How to Look After Your Mental Health08/06/2022, Mariel Witmond, Yoga Teacher and Life Coach
Have you heard the quote: “we don’t see things as they are, we see them as we are”? Our realities are a reflection of our perspectives; our outer world mirroring what is happening in our inner world. As Eckhart Tolle teaches us, we are not our mind. Yet, without awareness, we allow ourselves to identify with our thoughts.
Our thoughts tend to be the amalgamation of our upbringing, cultural conditioning, and life experiences that have taught us how to see ourselves and in turn how we view the world around us. Our mental health is a state of wellbeing that affects how we think, how we feel and ultimately how we behave. It determines how we make choices and handle challenging situations, which is why looking after our mental health is not a luxury, but a critical necessity. It impacts everyone and should be something we focus on every day, instead of looking after it only in times of need.
Poor mental health can manifest itself in many ways: low energy, inability to eat or sleep, withdrawing oneself, mood swings, struggling to perform daily tasks, and can ultimately impact our physical health. On the other hand, positive mental health helps us achieve our fullest potential and cope with what life throws our way.
So how do we look after our mental health? Here are 8 ways to start:
1. Connect With Who You Truly Are
Getting to know ourselves helps us to separate who we are from how we think. Learning about the parts of our identity can increase our happiness and improve both our self-esteem (which is confidence in our worth) and our self-confidence (which is the belief in our abilities). Low confidence can make it hard for us to express ourselves emotionally and we need to know our feelings in order to know ourselves.
2. Practice Mindfulness
Mindfulness helps us to disentangle our true selves from our thoughts by creating space for us to see and process. Without learning to quiet the mind and be more present, we live our lives on autopilot, giving little thought to our actions resulting in unwanted repercussions. In Buddhism, it is said that we have six senses – the mind, our inner sense, being the last. In order to be mindful, we need to use all six senses to go within and pay attention to what is happening at this very moment. We create awareness through personal introspection so that we can know ourselves and the nature of our true reality. The more that we can learn to pay attention, the more we are able to become conscious and create meaningful change.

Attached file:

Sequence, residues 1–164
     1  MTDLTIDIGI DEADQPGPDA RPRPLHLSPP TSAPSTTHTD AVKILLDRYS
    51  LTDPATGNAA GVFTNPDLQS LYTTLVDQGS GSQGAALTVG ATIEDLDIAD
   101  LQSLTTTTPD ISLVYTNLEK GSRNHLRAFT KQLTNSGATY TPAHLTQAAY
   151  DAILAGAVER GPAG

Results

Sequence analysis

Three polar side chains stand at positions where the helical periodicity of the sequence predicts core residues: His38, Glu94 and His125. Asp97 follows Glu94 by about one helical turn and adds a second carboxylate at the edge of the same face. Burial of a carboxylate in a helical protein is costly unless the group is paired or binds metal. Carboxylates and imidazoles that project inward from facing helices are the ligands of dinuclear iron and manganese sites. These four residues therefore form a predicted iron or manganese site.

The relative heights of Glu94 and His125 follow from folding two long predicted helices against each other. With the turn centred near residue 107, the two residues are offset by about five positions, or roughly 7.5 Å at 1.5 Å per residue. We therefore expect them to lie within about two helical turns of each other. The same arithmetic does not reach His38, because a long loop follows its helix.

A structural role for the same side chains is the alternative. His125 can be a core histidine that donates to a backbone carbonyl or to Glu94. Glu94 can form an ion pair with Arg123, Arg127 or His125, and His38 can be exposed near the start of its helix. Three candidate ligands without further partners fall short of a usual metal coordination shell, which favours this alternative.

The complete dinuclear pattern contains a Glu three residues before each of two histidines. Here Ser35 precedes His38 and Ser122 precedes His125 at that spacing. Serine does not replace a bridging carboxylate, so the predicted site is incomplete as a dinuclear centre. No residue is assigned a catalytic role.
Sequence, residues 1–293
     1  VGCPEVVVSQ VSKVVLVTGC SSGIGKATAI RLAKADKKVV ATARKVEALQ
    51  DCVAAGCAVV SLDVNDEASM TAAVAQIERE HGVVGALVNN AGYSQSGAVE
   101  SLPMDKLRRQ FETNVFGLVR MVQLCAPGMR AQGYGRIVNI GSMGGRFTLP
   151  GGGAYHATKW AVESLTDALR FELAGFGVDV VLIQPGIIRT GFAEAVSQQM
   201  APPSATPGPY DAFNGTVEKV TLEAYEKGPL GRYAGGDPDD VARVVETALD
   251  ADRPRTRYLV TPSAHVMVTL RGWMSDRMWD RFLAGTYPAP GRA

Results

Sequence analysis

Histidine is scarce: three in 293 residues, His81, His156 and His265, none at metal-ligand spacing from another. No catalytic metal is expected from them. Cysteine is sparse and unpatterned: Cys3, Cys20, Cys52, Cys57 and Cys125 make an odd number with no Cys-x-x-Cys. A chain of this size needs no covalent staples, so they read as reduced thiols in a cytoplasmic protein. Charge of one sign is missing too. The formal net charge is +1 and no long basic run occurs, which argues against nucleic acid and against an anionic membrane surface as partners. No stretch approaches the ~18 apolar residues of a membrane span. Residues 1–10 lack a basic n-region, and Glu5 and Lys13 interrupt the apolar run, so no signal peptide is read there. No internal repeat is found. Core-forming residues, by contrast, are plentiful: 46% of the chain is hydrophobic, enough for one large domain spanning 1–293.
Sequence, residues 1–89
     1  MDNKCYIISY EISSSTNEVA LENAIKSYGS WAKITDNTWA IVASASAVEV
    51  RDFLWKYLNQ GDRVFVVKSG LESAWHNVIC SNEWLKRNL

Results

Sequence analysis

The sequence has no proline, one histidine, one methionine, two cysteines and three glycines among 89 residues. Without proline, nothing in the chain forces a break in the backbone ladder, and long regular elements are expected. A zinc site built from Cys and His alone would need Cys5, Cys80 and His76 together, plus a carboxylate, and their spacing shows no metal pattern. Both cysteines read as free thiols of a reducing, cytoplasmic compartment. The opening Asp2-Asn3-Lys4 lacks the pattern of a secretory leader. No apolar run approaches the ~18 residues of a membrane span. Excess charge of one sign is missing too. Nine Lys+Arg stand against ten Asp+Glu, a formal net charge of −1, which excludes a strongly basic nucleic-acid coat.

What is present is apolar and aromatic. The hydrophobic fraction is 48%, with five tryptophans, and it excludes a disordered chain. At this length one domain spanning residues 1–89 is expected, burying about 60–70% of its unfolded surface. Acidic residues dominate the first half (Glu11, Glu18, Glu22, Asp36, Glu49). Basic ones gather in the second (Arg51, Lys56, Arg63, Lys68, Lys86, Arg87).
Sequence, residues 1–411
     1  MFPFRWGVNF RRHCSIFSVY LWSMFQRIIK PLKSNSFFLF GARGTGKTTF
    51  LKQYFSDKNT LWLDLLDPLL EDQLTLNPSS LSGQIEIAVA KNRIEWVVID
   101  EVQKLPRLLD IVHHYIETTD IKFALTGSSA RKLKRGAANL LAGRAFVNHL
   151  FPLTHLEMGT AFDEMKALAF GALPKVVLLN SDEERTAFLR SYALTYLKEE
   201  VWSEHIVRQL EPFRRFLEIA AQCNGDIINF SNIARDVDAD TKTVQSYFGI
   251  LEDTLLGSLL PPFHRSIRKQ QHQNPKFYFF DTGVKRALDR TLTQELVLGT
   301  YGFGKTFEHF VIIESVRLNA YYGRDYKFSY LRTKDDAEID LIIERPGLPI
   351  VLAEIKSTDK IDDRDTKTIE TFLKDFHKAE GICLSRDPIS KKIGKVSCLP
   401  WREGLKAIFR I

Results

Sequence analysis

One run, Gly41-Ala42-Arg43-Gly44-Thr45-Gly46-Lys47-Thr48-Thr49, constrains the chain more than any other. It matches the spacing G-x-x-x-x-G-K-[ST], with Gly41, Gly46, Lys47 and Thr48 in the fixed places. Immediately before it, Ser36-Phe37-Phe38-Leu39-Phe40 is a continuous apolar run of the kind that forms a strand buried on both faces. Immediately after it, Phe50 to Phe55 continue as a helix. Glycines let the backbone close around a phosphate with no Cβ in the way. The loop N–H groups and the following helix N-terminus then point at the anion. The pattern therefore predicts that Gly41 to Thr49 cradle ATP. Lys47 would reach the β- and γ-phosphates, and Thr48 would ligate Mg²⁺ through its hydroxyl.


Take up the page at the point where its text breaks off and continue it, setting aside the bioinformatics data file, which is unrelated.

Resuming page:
3. Learn To Sit With Discomfort
What we often fail to realise is that comfort and routine can dull our experiences as we tune out what is going on inside. Being comfortable with the uncomfortable (when there is a clear benefit) brings with it an opportunity: to pay attention, learn, and grow. Fear lives where the unpleasant happens, which is why we often remain stuck within the confines of our comfort zone. However, embracing temporary discomfort can increase our long-term comfort zone; the more we experience the more secure we become as and when difficult situations arise. It teaches us to face our fears and embrace imperfection.
4. Ask For Help
Many of us struggle to ask for help. We don’t want to be an imposition or we feel we should be able to cope on our own. Asking others for help not only helps to build connections, but it allows others to feel valued and appreciated for sharing their skills or advice. It also provides you with a different perspective and the possibility of new ideas, while helping to quiet our ego-driven thoughts.